The rise of unmanned attack aircraft over the battlefield is quite apparent to even the casual observer and Korean Air (Korean Aerospace Industries - KAI) of South Korea, along with U.S.-based Boeing, have agreed to jointly develop an unmanned, attack-minded version of the successful MD500 series light helicopter. With a large stock of aging MD500 units available to the South Korean Air Force, the project would see conversions of these systems to an unmanned model - designated "KUS-VH". A full-sized mock-up of the proposed product was seen at Seoul Aerospace & Defence Exhibition 2015.
Without the need of a pilot the helicopter will now see a reduced operational commitment over the battlescape. The passenger cabin is to be taken up by a large internal fuel tank increasing the operational range of the helicopter by 100%. The windscreen surfaces common to the MD500 will be shrouded over. By and large the overall form and function of the unit will remain intact. Optcis will be set in a fairing under the chin. Korean Air also markets the development under a low-cost approach to a comparable manned system of equal capabilities. Armament options will include rocket pods, gun pods and missiles which, when coupled to onboard systems, will provide a surgical strike capability with no potential pilot loss in enemy-held territory.
While the South Korean Air Force is not actively looking for a product like the KUS-VH, the possible reuse of the aging stock of MD500 helicopters might be tempting enough for the service to have a serious look. The MD500s currently in service will be retired over the next decade and number several hundred.
The Boeing participation in the program is key not only due to the company's position as a global defense powerhouse but also with its recent experience in developing its own H-6U "Little Bird" unmanned helicopter (detailed elsewhere on this site). The KUH-VH will be offered for export to American and South Korean allies.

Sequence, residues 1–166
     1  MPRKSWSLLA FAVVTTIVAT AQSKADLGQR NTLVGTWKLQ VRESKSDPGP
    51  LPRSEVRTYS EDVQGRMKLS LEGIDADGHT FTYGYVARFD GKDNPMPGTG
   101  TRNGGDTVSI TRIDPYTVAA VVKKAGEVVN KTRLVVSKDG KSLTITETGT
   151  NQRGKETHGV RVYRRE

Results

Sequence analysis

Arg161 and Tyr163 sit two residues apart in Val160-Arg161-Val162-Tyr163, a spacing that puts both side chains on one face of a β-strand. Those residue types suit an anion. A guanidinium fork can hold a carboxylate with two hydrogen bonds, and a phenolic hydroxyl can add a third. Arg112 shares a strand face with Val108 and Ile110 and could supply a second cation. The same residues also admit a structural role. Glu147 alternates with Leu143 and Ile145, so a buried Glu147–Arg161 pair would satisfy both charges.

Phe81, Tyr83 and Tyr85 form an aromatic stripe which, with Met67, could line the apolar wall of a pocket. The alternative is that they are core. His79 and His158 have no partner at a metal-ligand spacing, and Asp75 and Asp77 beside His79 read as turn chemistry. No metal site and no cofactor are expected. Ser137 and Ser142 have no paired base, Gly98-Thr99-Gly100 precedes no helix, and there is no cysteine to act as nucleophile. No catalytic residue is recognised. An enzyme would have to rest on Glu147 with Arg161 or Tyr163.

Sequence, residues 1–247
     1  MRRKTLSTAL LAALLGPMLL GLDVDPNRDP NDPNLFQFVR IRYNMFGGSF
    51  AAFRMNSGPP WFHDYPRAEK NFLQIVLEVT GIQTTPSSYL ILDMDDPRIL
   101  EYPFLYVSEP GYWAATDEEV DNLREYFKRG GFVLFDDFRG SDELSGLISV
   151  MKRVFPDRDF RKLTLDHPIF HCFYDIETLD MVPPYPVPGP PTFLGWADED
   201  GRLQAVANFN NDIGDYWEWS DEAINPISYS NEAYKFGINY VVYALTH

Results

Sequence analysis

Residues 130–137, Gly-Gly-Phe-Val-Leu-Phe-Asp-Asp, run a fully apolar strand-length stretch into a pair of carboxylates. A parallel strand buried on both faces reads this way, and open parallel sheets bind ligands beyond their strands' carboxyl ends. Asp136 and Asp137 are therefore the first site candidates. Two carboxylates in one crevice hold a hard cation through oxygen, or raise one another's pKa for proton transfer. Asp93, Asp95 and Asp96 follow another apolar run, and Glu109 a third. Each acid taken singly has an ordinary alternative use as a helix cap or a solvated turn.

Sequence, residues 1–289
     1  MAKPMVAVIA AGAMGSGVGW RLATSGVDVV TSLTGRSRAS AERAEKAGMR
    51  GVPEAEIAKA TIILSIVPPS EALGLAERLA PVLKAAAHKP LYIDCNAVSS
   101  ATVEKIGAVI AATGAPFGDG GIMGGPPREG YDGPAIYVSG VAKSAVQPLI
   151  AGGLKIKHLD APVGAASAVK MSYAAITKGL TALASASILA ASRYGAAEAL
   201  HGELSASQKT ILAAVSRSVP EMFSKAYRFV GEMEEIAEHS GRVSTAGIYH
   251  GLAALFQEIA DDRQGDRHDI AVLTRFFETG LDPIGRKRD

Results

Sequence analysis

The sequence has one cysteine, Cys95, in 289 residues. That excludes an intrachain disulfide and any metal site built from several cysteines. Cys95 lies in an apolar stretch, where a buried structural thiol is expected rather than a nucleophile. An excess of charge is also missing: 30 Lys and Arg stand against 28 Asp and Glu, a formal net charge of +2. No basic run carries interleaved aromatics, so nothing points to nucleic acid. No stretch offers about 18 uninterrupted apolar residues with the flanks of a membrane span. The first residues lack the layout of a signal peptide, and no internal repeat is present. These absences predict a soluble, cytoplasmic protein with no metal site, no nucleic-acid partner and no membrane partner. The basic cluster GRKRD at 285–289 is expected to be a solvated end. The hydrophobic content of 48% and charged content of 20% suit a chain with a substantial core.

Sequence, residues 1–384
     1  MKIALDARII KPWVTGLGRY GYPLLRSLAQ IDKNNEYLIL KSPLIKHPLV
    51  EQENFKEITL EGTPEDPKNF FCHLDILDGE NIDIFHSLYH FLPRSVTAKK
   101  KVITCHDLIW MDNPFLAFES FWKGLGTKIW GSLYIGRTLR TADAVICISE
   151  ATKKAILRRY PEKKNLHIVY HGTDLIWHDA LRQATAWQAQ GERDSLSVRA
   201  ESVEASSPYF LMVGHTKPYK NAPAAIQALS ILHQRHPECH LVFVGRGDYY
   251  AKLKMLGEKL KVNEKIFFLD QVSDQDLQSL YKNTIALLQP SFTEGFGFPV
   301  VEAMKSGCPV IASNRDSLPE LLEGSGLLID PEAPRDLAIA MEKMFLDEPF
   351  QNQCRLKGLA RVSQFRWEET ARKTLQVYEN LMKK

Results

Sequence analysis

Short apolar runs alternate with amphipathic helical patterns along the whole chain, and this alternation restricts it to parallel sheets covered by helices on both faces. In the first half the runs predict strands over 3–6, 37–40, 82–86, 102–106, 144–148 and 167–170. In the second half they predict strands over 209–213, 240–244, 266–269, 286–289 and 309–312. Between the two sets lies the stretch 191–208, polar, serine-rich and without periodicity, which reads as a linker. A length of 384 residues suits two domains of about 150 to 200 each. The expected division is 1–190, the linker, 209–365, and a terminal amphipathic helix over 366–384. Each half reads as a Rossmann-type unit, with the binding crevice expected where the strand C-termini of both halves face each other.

July 2020 - Korean Air has delayed additional development of its 500MD unmanned variant, choosing instead to finalized the Medium Altitude Unmanned Aerial Vehicle (MUAV) design (detailed elsewhere on this site).
(OPERATORS list includes past, present, and future operators when applicable)
✓Ground Attack (Bombing, Strafing)
Ability to conduct aerial bombing of ground targets by way of (but not limited to) guns, bombs, missiles, rockets, and the like.
✓Close-Air Support (CAS)
Developed to operate in close proximity to active ground elements by way of a broad array of air-to-ground ordnance and munitions options.
✓Intelligence-Surveillance-Reconnaissance (ISR), Scout
Surveil ground targets / target areas to assess environmental threat levels, enemy strength, or enemy movement.
Aircraft inherently designed (or later developed) with an unmanned capability to cover a variety of over-battlefield roles.
23.0 ft (7.01 m)
26.3 ft (8.03 m)
8.5 ft (2.60 m)
1,323 lb (600 kg)
2,866 lb (1,300 kg)
+1,543 lb (+700 kg)
(Showcased structural values pertain to the base KAI / Boeing KUS-VJ production variant)
Estimated: 1 x Allison 250-C20B turboshaft engine developing 420 horsepower and driving five bladed main rotor and four-bladed tail rotor.
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